The Islamic body said it was required of Muslims to identify the agenda designed to erode the sanctity of Islam and to also identify those who attempted to do so. Jakim warned that
the international line of thinking, such as liberalism and pluralism, seems to be spreading fast via the internet and influencing the younger generation.
From our observations, many symbols and hundreds of websites on
the internet are being used to confuse and weaken those of the Islamic faith.
Netizens in Malaysia are having difficulty accessing a BBC story on Prime Minister Datuk Seri Najib Razak being derided online for a comment on rising prices, raising fears that the Internet was being censored in the country.
against the Multimedia Super Corridor (MSC Malaysia) charter, in which the Malaysian Government guarantees the Internet would not be censored, barring special circumstances.
The BBC article, entitled #BBCtrending: Be careful what you say about
spinach, chronicles the recent uproar over a statement made by Najib that the price of kangkung (or Chinese water spinach) has gone down. In a video that has gone viral, he lamented the fact that the Government has not been praised for this, but is being
criticised for the rising cost of living.
His statement has been attacked by Opposition leaders and civil advocates for being insensitive to the plight of average Malaysians, who this year face a slew of price hikes and subsidy reductions.
Internet users in Malaysia reported difficulty accessing the specific BBC post beginning late last night (January 15), with timeouts occurring after a long wait for the page to load, while the rest of the BBC site remained accessible.
Responding to queries by Digital News Asia (DNA), security expert and freelance IT solutions provider @sniiffit said that in a nutshell, what was being done is that all packets requesting the specific page were being dropped at the ISP level.
Malaysia has taken the first steps toward censoring the Internet with talks underway between the Home Ministry and Malaysian Communications and Multimedia Commission to begin blocking content that doesn't reflect supposed local culture and sensitivity.
Home Minister Datuk Seri Ahmad Zahid Hamidi said the country's firewall would ensure that content on websites, such as YouTube and video-streaming sites, comply with Film Censorship Board rules. He said:
We are working with MCMC on this matter and I urge the commission to implement the system soon.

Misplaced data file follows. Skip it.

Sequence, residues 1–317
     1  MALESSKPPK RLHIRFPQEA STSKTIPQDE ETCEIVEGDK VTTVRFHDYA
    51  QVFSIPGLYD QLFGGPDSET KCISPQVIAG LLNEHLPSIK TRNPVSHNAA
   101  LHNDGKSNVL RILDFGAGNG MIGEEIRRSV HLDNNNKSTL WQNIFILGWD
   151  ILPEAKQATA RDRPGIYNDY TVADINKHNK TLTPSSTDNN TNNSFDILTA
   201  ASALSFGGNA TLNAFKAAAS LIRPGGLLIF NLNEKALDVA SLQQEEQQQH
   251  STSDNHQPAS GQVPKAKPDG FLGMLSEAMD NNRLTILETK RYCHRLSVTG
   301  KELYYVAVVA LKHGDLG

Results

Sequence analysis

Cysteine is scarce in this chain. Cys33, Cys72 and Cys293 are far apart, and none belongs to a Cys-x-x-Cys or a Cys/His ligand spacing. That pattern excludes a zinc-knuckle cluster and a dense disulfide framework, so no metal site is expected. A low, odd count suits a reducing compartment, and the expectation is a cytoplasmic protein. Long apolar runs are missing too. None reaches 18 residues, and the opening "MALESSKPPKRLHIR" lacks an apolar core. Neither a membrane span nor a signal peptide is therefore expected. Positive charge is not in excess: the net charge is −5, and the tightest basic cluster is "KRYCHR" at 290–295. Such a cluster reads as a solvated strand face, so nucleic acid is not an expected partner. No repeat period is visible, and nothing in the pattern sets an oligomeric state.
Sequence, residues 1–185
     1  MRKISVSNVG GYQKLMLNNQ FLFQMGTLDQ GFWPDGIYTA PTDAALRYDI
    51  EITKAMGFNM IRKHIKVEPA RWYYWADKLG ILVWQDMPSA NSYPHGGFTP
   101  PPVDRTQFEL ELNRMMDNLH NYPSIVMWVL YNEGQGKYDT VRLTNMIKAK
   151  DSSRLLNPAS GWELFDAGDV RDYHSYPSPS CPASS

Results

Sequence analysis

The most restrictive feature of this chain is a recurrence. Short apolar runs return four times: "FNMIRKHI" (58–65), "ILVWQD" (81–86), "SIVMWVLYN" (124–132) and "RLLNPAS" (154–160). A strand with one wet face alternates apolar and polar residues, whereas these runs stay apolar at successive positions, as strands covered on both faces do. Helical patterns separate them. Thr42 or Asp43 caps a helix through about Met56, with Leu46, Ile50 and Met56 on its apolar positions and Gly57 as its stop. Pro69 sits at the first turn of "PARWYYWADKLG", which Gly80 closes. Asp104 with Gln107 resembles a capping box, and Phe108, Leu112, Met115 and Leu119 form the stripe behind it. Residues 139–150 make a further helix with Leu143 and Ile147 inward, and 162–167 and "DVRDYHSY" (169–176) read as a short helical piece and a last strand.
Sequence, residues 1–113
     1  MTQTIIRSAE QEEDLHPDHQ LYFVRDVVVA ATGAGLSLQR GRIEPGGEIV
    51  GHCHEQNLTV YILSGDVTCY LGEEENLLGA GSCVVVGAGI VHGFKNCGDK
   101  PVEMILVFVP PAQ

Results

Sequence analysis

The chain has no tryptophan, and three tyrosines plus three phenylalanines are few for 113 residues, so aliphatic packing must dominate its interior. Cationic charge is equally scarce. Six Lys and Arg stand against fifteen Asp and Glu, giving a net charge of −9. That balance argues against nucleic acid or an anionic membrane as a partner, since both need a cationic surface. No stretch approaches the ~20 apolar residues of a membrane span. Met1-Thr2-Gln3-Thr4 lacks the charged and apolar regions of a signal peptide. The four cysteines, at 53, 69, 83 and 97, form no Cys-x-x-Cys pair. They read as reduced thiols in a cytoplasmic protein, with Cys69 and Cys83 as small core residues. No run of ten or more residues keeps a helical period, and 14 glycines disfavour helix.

The minister added that the public needed to understand the government was responsible for ensuring Malays are not influenced by negative elements . He said that content creators would have to ensure their works did not
encourage Malaysians to do things against social and religious norms.
Following our previous articles about increasing political censorship of the Internet in Malaysia, things have
quickly gone from bad to worse. In fact since July 2015, the Malaysian government has blocked at least ten websites, including online news portals and private blogs, for reporting about the scandal surrounding Malaysian Prime Minister Najib tun Razak
over his mysterious private dealings with $700 million in funds.
And the Malaysian government still clamors for more censorship authority, adding to
its existing broad powers under the Penal Code and the Sedition Act. Currently, the government is planning to table the amendments to both the Official Secret Act (OSA) and the Communication & Multimedia Act (CMA) during its upcoming March or May
Parliamentary sessions, to strengthen its control over content providers, Internet Service Providers (ISPs), and end users.
As it stands, the CMA is already very expansive (although,
we argue , not expansive enough to make current acts of Internet censorship lawful). In its present form, section 211 of
the CMA addresses intermediaries such as ISPs, and section 233 addresses users, both in somewhat similar terms. In both cases, criminal penalties are imposed for any "comment, request, suggestion or other communication which is obscene, indecent,
false, menacing or offensive in character with intent to annoy, abuse, threaten or harass another person."
As concerns ISPs, proposed changes would remove the intention requirement of that provision, making it much easier for
ISPs to be held liable for content of their users, regardless of their complicity or knowledge of the motivations with which it was posted. Fines for breaching this provision would increase twenty-fold, with an additional daily fine to increase one
hundred-fold, potentially putting intermediaries out of business for a single infringement.
For the users who post such content, penalties would also increase: fines would double and and prison terms triple. Not only this, but
ISPs would be placed under new data retention obligations, allowing users' activities to be tracked online--perhaps to the level of granularity of recording their Web browsing history, although this remains unclear.
also aims to add the power to immediately require the removal or blocking of offending content merely on the basis of a complaint, and unwarranted complaints would be penalized with merely a $50 slap-on-the-wrist. In "serious" casesincluding
those that fall within sections 211 or 233, as well as terrorism, pornography, and phishing, these blocks are permanent. In other cases, such as copyright infringement, the block would last for 5 days before they can be renewed by court order. Blocking